). Some value players are now loading up on the phone company, which has been on the ropes for a year. Shares are at 9.62, down from nearly 20 in December. What's the lure?
These pros aren't after AT&T's phone business. They expect extra value in the struggling giant because of Comcast. In December, AT&T agreed to sell its cable-TV business to Comcast in a $72 billion deal closing at yearend, 2002. Combining AT&T's 13.4 million broadband subscribers with Comcast's 8.5 million makes Comcast No. 1, with a total of 22 million.
AT&T shareholders will get a third of Comcast stock, which would add $7.50 to the worth of each AT&T share, based on Comcast's price of 23, figures John Maloney, president of M&R Capital, which has been buying into AT&T. Comcast has fallen 35% this year, so it's depressed relative to assets, he says.
Maloney figures Comcast's true worth is 35, which would boost its contribution to each share of AT&T to 11.40. He estimates the value of the AT&T "stub" (the remaining value of AT&T'S phone business after the cable sale) at 4 a share: Adding the two brings AT&T's value up to 15.40.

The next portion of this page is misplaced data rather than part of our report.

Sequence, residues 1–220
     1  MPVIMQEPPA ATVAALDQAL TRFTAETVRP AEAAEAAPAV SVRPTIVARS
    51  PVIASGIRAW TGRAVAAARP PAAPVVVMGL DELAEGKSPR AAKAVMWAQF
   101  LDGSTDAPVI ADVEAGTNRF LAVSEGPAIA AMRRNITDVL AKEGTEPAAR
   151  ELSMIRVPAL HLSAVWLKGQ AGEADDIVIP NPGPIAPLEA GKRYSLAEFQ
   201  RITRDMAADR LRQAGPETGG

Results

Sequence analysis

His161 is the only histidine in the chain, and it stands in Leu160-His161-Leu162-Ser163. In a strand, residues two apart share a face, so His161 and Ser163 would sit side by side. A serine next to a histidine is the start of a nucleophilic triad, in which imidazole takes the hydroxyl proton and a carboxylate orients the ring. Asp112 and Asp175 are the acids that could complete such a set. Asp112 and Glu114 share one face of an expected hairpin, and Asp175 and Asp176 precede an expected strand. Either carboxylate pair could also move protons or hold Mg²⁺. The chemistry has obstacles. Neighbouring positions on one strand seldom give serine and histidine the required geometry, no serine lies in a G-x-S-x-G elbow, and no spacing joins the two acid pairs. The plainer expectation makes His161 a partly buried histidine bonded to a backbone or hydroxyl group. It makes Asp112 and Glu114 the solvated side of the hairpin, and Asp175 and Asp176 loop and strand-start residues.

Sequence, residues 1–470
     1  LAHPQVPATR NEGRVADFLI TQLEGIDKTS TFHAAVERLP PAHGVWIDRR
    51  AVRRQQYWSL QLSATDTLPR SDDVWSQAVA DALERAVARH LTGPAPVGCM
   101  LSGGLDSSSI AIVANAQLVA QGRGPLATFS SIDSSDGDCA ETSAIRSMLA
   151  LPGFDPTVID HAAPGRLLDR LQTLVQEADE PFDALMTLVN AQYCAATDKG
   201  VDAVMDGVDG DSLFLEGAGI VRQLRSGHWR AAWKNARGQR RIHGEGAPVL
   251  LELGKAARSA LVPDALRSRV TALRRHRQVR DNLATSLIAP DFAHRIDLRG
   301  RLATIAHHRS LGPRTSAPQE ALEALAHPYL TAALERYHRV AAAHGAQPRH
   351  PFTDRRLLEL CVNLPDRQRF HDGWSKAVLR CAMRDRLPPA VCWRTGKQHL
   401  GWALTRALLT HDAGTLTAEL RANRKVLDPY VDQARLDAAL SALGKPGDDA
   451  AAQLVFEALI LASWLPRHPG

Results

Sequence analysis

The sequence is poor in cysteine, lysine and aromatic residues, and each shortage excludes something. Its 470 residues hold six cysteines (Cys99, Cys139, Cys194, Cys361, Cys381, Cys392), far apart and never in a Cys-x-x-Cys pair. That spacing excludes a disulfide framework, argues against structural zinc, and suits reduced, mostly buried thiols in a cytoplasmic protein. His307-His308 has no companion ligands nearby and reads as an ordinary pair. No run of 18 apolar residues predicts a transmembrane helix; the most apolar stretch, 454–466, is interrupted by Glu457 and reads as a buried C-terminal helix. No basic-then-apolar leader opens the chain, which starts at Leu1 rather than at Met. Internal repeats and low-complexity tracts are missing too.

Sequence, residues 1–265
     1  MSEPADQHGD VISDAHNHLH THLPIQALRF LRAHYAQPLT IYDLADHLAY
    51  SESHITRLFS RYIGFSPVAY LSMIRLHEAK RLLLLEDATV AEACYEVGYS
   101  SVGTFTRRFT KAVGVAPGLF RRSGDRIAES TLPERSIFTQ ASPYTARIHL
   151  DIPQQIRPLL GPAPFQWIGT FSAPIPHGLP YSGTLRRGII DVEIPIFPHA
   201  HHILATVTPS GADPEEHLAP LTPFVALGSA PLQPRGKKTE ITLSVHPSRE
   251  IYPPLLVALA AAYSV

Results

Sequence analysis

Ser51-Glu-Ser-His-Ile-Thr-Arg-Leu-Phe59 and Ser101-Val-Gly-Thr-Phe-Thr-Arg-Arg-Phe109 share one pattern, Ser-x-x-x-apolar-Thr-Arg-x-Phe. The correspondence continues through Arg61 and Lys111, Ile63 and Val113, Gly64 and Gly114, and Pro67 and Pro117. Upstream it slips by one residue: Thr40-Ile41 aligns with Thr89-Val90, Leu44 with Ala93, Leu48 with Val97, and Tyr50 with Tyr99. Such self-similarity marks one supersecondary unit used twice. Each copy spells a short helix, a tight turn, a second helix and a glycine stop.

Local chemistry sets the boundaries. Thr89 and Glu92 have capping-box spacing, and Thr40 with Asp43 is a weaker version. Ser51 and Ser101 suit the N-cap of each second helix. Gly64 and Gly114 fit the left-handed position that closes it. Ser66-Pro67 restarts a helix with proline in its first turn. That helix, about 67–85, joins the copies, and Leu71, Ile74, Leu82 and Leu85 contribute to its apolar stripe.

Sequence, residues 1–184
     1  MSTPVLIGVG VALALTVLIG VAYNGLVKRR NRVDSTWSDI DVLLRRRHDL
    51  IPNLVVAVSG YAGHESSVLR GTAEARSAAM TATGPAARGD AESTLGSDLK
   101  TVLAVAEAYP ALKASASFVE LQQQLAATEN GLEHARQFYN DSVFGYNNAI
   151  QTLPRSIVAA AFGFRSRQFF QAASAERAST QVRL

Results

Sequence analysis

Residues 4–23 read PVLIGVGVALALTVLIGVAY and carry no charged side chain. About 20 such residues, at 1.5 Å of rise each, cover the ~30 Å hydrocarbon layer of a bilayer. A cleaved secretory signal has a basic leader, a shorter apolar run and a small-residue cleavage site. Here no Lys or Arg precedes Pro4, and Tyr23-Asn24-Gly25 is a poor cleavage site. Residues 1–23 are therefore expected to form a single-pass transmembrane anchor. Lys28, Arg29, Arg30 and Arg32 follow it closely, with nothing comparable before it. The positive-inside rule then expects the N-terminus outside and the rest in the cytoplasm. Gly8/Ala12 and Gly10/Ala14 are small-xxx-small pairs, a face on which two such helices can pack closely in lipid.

Phone stocks are down because of general turmoil in the industry. But in the wake of the WorldCom disaster, says Maloney, its business clients will flock to AT&T, whose capital structure is sound. AT&T, which posted revenues of $53 billion last year and earned 23 cents a share from operations, is expected to do a 1-for-5 reverse stock split after the Comcast deal. Comcast posted revenues of $9.6 billion last year and net income of $608.6 million, or 63 cents a share. Maloney thinks Comcast's financials are sound: It has a stable cash flow and--despite the cable deal--its debt burden "isn't troubling to us," he adds. By Gene G. Marcial